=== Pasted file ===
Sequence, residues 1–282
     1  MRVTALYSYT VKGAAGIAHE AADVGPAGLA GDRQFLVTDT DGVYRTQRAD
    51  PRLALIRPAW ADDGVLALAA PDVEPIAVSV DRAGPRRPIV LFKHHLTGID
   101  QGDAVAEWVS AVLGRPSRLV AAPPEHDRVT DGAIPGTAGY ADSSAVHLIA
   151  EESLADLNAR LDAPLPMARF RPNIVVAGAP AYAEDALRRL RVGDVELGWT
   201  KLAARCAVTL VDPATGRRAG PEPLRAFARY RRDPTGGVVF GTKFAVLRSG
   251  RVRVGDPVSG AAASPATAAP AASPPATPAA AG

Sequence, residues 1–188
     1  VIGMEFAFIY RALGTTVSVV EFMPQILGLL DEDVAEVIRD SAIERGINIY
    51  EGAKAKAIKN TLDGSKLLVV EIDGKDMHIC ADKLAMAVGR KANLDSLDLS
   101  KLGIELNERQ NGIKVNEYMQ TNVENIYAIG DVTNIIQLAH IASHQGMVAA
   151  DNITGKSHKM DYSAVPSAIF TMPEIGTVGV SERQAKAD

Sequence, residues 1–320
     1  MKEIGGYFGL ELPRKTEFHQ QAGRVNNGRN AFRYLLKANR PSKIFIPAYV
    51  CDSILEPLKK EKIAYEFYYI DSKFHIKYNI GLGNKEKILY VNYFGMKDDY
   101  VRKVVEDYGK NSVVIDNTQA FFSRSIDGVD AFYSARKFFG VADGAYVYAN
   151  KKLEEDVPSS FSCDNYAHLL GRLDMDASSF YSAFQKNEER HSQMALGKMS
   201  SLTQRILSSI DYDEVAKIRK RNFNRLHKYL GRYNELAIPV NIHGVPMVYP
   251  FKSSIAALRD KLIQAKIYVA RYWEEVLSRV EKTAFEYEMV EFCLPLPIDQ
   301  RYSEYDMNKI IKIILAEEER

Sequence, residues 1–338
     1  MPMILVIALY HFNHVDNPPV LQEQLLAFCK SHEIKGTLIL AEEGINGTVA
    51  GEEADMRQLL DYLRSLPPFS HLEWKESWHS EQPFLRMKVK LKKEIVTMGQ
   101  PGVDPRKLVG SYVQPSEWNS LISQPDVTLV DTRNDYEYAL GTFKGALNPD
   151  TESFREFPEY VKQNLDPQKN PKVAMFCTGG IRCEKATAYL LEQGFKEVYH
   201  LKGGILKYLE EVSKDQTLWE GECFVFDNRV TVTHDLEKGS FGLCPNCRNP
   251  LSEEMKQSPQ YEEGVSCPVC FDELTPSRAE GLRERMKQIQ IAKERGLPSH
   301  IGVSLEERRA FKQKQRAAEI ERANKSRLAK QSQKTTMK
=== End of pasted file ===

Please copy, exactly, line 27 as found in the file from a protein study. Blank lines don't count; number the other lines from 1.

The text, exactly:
   251  LSEEMKQSPQ YEEGVSCPVC FDELTPSRAE GLRERMKQIQ IAKERGLPSH